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What Saudi King Salman’s Visit Means for Russia

Saudi Arabia is in transition and seeks to diversify its external relationships

The forthcoming visit by Saudi King Salman bin Abdulaziz to Russia(October 4-7) carries great symbolism. Such poignancy is for several reasons – not merely because this is the first-ever visit by a Saudi monarch to Russia. The Soviet Union was the first country in 1926 to establish diplomatic relations with the Kingdom (which was known at that time as the Kingdom of Hejaz and Nejd) but under heavy western influence, the Saudi side froze the relationship a decade later, and it remained so till the dissolution of the Soviet Union in 1991.

Historically, Russia’s encounter with Islam has been tumultuous – often violent but overall assimilative. In certain ways, it draws comparison with long passages of India’s history, the difference being Russia’s imperial history, while India was never an expansionist power and only experienced waves after waves of Muslim conquests.

No doubt, it was a geopolitical masterstroke of the West to pit Islam against communism. The West’s real objective in keeping the Soviet Union out of the Middle East was to control the region’s oil reserves and the world oil market. The use of dollar as the currency for trading in oil was fundamental to the status of dollar as the ‘world currency’, which in turn gave the underpinning for America’s global hegemony through the past seven decades. Some historians attribute the low price of oil as one of the reasons for the weakening of the Soviet economy in the eighties.

Ironically, oil is again at the core of Russia’s relations with Saudi Arabia  – except that the two countries now have shared interests in the world oil market (which also happens to be at odds with the US interests following the emergence of its shale industry.) Saudi Arabia and Russia countries are two top oil-exporting countries and income from oil exports constitutes a crucial segment of their national income. In effect, therefore, they are stakeholders in a stable oil market with sustainable, moderately high oil prices. (Expert opinion is that oil price at $50-60 barrels per day will raise the Saudi-Russian comfort level.)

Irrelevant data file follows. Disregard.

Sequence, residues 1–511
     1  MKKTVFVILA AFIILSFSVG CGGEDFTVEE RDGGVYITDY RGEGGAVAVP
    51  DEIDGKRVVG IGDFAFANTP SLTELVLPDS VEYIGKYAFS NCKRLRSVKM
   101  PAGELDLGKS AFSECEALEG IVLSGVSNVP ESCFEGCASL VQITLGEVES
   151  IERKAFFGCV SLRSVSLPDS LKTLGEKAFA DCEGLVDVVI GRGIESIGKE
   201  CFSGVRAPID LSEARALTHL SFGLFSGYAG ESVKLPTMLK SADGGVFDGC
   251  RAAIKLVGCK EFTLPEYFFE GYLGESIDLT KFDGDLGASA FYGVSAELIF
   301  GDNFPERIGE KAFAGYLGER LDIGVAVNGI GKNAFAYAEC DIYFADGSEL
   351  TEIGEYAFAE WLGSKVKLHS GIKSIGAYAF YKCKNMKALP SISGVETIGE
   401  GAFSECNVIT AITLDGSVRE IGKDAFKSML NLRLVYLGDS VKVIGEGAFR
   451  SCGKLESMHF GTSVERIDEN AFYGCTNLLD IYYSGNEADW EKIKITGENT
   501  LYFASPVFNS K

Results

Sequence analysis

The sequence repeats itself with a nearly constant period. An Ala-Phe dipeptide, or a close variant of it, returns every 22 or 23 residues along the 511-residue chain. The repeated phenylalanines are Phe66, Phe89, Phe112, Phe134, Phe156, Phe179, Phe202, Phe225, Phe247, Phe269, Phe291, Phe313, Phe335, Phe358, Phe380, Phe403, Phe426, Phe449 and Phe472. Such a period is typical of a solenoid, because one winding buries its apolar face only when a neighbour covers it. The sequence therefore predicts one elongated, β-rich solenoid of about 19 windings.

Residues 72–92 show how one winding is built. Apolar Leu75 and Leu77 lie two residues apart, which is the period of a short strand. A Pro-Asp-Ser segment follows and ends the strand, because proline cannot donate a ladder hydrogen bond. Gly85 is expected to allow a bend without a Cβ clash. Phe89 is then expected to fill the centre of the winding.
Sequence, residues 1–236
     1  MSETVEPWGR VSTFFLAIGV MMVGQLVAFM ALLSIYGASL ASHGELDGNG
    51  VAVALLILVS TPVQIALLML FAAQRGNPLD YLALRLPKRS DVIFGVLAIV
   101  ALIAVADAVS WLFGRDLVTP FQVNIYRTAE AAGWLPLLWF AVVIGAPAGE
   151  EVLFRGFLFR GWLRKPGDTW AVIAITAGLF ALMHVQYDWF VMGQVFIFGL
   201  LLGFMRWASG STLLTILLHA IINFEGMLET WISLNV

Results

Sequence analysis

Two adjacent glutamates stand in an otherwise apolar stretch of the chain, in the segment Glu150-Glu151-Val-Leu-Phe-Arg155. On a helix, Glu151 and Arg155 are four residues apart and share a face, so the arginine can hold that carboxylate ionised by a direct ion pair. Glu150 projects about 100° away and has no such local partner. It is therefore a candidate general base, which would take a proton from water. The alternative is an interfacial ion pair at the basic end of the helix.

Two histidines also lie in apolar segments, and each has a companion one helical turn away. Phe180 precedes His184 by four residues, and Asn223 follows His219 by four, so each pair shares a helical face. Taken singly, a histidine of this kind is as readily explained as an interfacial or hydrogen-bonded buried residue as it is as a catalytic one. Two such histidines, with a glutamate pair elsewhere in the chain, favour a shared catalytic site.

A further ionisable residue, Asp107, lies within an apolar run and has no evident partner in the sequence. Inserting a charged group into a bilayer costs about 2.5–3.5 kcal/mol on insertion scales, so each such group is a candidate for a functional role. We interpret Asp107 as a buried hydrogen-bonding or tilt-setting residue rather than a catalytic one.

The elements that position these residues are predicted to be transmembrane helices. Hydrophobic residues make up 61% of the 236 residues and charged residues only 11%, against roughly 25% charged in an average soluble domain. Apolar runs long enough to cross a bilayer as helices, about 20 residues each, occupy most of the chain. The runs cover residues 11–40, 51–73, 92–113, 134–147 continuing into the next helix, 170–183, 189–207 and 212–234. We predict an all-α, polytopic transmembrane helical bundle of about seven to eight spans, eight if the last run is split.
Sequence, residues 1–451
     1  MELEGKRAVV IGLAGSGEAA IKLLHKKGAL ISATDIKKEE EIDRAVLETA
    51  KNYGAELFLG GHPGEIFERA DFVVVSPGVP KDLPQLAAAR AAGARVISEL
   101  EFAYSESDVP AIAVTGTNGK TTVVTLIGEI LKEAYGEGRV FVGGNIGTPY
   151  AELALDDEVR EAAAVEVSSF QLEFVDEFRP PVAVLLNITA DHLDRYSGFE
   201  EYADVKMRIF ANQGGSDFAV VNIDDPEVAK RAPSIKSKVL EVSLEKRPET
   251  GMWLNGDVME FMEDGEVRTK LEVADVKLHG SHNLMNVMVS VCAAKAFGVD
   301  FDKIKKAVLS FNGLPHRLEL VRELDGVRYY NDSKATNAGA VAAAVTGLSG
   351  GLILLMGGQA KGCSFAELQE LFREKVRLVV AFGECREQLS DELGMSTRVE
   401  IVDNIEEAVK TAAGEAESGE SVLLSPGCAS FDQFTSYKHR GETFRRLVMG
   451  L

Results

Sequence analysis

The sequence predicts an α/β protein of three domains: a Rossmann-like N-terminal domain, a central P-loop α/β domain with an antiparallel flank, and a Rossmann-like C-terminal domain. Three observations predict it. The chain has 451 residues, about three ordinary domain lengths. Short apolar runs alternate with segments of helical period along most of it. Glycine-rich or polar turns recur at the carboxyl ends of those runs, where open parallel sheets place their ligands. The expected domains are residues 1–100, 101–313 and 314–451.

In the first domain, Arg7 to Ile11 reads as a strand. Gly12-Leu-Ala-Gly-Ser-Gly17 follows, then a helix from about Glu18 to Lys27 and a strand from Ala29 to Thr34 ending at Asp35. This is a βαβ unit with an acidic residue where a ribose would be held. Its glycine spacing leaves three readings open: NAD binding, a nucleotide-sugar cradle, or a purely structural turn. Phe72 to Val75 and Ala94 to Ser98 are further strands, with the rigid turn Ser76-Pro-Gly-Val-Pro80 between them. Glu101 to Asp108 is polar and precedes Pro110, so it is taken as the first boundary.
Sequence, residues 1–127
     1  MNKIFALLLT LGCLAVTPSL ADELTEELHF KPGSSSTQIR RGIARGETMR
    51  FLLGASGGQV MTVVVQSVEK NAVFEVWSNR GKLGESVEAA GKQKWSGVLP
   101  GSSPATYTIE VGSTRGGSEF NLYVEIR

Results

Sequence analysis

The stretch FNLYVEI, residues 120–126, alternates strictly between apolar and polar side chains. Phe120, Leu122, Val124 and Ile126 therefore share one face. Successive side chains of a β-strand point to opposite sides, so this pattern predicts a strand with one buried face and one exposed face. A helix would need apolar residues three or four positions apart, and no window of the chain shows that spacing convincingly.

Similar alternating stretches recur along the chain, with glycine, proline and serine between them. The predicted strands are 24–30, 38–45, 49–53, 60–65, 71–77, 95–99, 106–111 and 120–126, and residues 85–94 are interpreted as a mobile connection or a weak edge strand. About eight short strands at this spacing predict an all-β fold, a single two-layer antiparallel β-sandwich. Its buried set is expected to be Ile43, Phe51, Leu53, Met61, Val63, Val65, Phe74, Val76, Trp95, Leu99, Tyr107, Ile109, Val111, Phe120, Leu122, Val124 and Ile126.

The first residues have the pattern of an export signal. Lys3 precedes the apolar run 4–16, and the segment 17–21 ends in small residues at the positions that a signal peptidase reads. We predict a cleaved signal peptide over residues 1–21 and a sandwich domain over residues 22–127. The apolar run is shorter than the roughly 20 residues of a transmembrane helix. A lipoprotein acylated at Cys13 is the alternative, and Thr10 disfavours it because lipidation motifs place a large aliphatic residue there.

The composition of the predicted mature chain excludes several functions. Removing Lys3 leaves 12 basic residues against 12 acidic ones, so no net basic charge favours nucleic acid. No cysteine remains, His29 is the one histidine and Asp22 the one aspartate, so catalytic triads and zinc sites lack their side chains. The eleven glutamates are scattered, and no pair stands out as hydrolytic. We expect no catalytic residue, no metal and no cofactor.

To be sure, energy cooperation will be a major ‘talking point’ for the Kremlin during King Salman’s visit. Saudi Arabia has shown interest in making investments in Russia’s Arctic fields and also aspires to develop its own gas industry. Another big-ticket item has been Russia’s possible membership of OPEC. Besides, Russia hopes to sell arms to Saudi Arabia, which is traditionally dominated by western countries, and also develop its business interests in the Saudi market in project exports. Nuclear cooperation and railways are potential areas.

However, inevitably, Salman’s visit will be assessed in geopolitical terms. The drift in the Saudi-US alliance, Saudi-Iranian rivalry, endgame in the Syrian conflict, the stalemate in the war in Yemen – all this provides the backdrop. Again, Saudi Arabia is in transition and it seeks to diversify its external relationships. While the ousted Crown Prince Mohammed bin Naif was the favorite of the US to succeed King Salman, the present Crown Prince Mohammed bin Salman has paid great attention personally to befriend Russia.